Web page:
And that is why films like NO COUNTRY are symbolic, not of some transcendent truth about the triumph of chaos, but of the infantilization of studies of Literature. You’re just not allowed to question the question. Essentially, the writers of such films get to put their fingers in their ears and scream “I asked first!” and pout at you for not playing their game. But it isn’t a game. It’s not that interesting, because the outcome has been predetermined from the start. It’s Oedipus Rex with the basic goodness and nobility of Oedipus subtracted from it. Instead of a man who wanted to be a hero brought low by the machinations of the gods, we have a low opportunist smacked down by fate and a sadistic hit man elevated because reasons. This isn’t a reexamination, much less an insight, into old themes, it is their parody and degradation. It is, as Chesterton said, “the thought that kills thought.” And as Roger Ebert said of another film, “It is like the story of a man falling off a cliff. There is no possible action but that he continue to fall, and no possible outcome but that he hit the ground and die.” The only difference in this film is that we are made to think that there might be a different outcome for most of it. In other words, NO COUNTRY was a bait-and-switch that robs not only old men of their country, but the rest of us of two hours of our lives.
And the sons-of-bitches who committed it ought to be made to give it back.
3 thoughts on “Movie Review Far Too Late: No Country For Old Men… Or Anyone Else.”
I truly enjoyed the performances in the movie, but I also knew that it was based on a Cormac McCarthy book, and would thus be about how cruelty and random violence are all that the world has to give, and people who believe otherwise are naive. I enjoy McCarthy’s books as well, even though I can’t agree with his worldview.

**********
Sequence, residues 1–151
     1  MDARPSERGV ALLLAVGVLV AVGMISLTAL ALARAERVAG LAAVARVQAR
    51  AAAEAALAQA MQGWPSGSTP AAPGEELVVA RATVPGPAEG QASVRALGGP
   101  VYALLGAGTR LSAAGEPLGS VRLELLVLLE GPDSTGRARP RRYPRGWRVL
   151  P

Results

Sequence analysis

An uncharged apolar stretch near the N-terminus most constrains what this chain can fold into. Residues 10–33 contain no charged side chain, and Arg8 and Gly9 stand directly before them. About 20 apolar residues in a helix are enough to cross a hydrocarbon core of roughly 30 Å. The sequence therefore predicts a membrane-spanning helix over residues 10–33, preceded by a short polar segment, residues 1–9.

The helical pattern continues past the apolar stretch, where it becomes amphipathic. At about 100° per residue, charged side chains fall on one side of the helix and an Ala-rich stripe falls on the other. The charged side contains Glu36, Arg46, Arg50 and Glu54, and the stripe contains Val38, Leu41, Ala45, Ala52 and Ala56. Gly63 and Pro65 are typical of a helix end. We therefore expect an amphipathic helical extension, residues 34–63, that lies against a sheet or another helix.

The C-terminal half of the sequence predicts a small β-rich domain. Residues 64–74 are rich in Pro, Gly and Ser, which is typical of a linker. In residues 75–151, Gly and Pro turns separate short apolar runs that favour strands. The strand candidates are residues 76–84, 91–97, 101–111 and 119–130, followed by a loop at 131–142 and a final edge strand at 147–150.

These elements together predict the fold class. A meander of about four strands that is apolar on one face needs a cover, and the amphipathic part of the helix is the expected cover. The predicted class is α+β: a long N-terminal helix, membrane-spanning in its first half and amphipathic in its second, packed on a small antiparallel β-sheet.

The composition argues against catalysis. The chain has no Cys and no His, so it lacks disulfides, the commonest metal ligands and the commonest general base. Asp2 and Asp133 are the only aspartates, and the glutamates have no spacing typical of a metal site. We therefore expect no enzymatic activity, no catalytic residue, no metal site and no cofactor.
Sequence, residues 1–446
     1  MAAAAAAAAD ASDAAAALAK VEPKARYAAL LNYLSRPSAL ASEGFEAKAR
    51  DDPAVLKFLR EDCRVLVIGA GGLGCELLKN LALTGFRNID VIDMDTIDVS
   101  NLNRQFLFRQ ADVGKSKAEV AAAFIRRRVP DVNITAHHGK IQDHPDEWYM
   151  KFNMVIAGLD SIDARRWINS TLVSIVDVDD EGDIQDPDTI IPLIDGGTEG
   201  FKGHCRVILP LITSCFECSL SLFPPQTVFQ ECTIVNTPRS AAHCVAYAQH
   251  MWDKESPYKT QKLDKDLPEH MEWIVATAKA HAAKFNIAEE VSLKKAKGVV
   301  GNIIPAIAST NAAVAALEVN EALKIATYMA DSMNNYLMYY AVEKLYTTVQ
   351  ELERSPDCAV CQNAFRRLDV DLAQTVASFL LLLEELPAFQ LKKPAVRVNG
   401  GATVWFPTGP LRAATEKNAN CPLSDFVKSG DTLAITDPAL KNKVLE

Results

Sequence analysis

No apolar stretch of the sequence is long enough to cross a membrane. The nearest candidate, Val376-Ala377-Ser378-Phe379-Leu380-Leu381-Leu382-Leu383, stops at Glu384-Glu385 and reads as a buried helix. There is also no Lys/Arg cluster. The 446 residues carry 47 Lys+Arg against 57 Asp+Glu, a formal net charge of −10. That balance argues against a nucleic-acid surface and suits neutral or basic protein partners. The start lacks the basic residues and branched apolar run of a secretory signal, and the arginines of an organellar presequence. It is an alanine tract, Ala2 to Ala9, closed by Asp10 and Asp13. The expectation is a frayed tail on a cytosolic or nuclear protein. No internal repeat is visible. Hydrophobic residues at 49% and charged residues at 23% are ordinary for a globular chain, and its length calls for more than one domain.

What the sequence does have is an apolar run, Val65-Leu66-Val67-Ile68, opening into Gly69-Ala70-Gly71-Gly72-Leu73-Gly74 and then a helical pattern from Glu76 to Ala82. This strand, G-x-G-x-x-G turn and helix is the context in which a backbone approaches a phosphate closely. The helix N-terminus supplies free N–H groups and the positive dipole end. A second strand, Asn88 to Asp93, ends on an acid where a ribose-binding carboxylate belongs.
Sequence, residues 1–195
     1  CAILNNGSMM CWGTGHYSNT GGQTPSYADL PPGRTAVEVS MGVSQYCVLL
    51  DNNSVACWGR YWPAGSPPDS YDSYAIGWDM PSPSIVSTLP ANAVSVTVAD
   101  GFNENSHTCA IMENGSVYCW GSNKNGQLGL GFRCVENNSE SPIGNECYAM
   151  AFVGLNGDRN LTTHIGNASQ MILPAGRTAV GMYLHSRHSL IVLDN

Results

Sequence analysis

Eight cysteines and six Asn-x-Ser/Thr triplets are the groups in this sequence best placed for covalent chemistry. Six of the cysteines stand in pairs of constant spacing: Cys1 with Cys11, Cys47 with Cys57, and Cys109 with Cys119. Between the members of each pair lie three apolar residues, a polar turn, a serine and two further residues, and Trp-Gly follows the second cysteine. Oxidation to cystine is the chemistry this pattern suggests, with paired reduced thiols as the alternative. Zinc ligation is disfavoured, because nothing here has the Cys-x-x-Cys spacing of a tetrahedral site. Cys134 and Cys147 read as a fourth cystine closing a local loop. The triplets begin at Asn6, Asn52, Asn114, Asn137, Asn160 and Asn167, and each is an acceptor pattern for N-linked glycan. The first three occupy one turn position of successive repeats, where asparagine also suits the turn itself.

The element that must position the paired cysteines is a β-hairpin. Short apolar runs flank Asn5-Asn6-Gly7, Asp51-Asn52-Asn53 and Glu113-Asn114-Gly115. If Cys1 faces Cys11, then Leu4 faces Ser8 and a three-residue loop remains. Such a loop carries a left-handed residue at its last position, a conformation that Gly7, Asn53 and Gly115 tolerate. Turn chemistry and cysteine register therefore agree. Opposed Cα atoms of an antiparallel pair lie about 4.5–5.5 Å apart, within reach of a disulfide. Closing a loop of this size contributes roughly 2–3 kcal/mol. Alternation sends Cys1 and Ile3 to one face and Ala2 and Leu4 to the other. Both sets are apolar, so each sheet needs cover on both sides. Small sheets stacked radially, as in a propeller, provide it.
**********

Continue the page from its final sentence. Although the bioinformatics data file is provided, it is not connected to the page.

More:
This movie is particularly egregious, however, given that everything bad that happens to the protagonist is entirely because he shows mercy. Had he never gone back to the crime scene to provide water for the dying man, he’d have gotten away with it. Essentially, the directors are saying that, by playing along with the cruelty in their world, he’d have been fine. But by showing humanity, he is doomed.
In short, I enjoy watching the movie, but it is completely bleak and nihilist. Also, the scenes with Tommy Lee Jones are basically worthless, but that’s because the filmmakers are going for some sort of “It used to be better than this” lesson which is completely false and pandering to the old people who vote for Academy Awards.
No Country for Old Men is a great movie.
No matter how much violence and cruelty is present in McCarthy’s books, kindness is always present as well. There is a message in that, and it isn’t nihilistic. Pessimistic and cynical, sure, but not nihilistic.
I saw it years ago. I distinctly remember shaking my head at the end of the movie, wondering why the hell I sat through the whole thing and vowing to give any future McCarthy work the coldest of shoulders.